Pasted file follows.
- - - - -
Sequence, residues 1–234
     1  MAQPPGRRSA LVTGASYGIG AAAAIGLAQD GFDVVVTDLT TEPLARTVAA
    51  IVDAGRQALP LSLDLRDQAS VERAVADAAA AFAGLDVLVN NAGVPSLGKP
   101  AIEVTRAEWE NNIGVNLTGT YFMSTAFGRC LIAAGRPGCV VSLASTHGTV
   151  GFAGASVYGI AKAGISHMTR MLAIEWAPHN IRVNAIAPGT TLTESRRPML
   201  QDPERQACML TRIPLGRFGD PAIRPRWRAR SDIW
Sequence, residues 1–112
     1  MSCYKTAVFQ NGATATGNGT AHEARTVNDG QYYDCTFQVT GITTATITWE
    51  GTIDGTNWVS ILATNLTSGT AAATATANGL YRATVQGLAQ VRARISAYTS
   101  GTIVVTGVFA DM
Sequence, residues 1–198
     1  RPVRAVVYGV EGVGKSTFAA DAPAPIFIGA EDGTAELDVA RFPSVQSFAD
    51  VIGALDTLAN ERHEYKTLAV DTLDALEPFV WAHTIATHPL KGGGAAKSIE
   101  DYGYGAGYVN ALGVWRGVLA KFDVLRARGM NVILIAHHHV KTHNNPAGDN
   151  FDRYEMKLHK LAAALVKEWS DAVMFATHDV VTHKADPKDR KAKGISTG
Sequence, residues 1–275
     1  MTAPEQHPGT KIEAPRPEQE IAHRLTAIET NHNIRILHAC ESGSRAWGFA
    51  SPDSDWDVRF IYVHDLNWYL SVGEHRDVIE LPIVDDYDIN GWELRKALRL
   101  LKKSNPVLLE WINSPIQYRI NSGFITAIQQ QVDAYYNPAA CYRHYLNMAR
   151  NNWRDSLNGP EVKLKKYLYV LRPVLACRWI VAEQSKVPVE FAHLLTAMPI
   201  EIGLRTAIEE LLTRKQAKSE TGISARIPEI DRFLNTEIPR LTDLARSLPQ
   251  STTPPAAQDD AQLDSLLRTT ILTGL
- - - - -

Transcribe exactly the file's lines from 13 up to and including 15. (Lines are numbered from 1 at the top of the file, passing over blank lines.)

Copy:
    51  VIGALDTLAN ERHEYKTLAV DTLDALEPFV WAHTIATHPL KGGGAAKSIE
   101  DYGYGAGYVN ALGVWRGVLA KFDVLRARGM NVILIAHHHV KTHNNPAGDN
   151  FDRYEMKLHK LAAALVKEWS DAVMFATHDV VTHKADPKDR KAKGISTG